Natural Shampoo Recipes that Won’t Work and Why Issue 7

DIY Shampoo recipes are so popular right now!

However, the desire for easy, natural recipes made from ingredients you’ll find in your kitchen, has led to a ton of recipes being shared online that simply won’t work, (and may even do harm to your hair).


DIY haircare recipes are commonly based around the following ingredients:

  • Coconut milk: Coconut milk on its own, (without soap added), will not cleanse the hair. So it fails the first task! The pH of coconut milk is close to neutral (around 6.0-7.0), which is too high for the hair. Coconut milk will provide some vitamins and moisturization to the hair, but it won’t close the cuticle or balance the pH of the hair. Long term use of coconut milk ‘shampoo’ can actually result in hair damage.

  • Baking soda: Baking soda can act as a degreaser, so it will remove some of the oils from the hair, but it won’t do it very gently. A solution of baking soda in water has a very high pH, (about 9.5), which is too high for the hair, and can irritate your scalp. It will not close the cuticle, and will eventually leave your hair brittle and prone to breakage.

  • Castile soap: Castile soap will definitely cleanse the hair, so this task is taken care of. But it won’t do the other two tasks – the pH of castile soap is very high (or alkaline – the opposite of acidic), around 9 -10, which is completely unsuitable for hair. When hair is treated with an alkaline product, it will leave the cuticle cells open and prone to damage. Hair with an imbalanced pH will also be a lot more prone to breaking and tangling.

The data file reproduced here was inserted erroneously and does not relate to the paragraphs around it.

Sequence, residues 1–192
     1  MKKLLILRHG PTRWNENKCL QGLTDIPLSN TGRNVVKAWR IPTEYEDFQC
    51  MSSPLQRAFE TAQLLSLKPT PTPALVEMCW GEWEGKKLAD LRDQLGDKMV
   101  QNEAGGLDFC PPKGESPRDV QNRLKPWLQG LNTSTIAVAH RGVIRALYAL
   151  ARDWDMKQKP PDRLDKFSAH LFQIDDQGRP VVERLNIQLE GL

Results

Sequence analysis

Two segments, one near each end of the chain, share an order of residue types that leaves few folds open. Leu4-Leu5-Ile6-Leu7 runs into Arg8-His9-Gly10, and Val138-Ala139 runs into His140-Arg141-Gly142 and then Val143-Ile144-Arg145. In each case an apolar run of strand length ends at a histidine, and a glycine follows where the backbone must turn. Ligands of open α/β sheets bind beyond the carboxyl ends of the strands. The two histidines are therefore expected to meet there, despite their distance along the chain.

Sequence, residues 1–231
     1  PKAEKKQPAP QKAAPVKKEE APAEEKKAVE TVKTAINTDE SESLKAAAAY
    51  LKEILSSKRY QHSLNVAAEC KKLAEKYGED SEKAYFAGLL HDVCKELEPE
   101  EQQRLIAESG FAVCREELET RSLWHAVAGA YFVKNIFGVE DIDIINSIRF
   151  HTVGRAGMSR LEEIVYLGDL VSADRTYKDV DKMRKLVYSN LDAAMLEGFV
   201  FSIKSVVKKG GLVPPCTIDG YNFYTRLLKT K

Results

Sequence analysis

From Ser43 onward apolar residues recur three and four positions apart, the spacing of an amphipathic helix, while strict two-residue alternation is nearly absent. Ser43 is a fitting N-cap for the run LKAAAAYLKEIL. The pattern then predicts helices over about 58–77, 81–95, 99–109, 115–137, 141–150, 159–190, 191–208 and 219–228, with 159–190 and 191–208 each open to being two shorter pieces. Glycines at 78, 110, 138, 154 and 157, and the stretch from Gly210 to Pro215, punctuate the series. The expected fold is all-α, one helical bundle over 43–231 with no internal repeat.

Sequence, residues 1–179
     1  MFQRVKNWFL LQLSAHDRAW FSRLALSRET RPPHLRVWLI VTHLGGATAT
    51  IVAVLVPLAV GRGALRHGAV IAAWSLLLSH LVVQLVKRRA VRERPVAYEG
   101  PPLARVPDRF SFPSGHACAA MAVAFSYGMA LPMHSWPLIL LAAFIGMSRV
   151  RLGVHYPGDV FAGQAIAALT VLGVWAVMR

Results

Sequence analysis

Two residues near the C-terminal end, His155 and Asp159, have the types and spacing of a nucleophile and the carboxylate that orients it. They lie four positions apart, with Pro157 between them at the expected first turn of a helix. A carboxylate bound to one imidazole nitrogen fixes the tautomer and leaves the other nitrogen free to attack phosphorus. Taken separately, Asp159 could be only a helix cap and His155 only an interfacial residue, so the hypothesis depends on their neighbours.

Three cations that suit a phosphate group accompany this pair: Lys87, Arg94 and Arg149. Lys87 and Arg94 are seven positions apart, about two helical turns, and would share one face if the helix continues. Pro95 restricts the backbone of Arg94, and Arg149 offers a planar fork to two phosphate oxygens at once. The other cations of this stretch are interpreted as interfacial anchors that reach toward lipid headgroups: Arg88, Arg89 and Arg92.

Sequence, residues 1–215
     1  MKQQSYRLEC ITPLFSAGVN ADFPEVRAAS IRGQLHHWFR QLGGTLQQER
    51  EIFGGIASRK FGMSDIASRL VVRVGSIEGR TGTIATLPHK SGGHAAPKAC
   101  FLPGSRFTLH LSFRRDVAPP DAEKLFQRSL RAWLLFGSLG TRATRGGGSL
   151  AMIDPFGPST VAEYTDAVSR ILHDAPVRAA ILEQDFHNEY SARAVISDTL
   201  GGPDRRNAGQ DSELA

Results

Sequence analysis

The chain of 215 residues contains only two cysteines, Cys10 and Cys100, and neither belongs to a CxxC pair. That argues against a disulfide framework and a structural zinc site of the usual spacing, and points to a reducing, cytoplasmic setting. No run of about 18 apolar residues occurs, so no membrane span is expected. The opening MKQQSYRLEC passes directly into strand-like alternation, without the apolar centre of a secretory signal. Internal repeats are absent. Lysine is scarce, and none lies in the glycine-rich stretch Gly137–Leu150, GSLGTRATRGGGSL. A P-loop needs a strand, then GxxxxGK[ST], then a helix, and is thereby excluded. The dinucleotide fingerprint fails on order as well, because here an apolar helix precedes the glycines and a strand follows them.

• Cold process soap bars: Soap bars are very similar to liquid castile soap, but they have a solid form. The chemistry behind these two products is the same and they both have a pH which is way too high for the hair. Soap bars will clean the hair effectively, but since they won’t close the cuticle down, or balance the pH of the hair, it will leave the hair dry, tangled and prone to further damage.

Not only do these recipes not effectively cleanse and protect the hair, (more on that in a minute), there are other dangers associated with using them too. For example, the vast majority of DIY recipes are not preserved or stored correctly, which can lead to bacteria, yeast and mold proliferating in them – potentially leading to skin and eye infections, thrush, toxic shock and atopic dermatitis.


What should an effective shampoo do?


Cleanse the hair: Shampoo helps to remove dirt and soil from the hair and scalp. Sebum, dust and styling products build up on hair over time, and shampoo is needed to remove them, without being too harsh and removing beneficial lipids on the hair.


Close the cuticle: The cuticle is the outermost layer of the hair and resembles roof tiles. If the tiles are nicely closed or laid down, they protect the underneath surface. A good shampoo will make sure that cells of the cuticle are laid flat, thus protecting the underneath layers from damage.


Balance pH of hair: Hair needs a slightly acidic pH in order for the cuticle to be closed down, and to decrease the static electricity which causes tangles and damage to the hair.


When you’re assessing whether natural DIY shampoo recipes are any good, consider if they’ll help with these three things: cleansing the hair, closing the cuticle and balancing the pH level.

1 Comment
  • December 11, 2022, 6:23 PM

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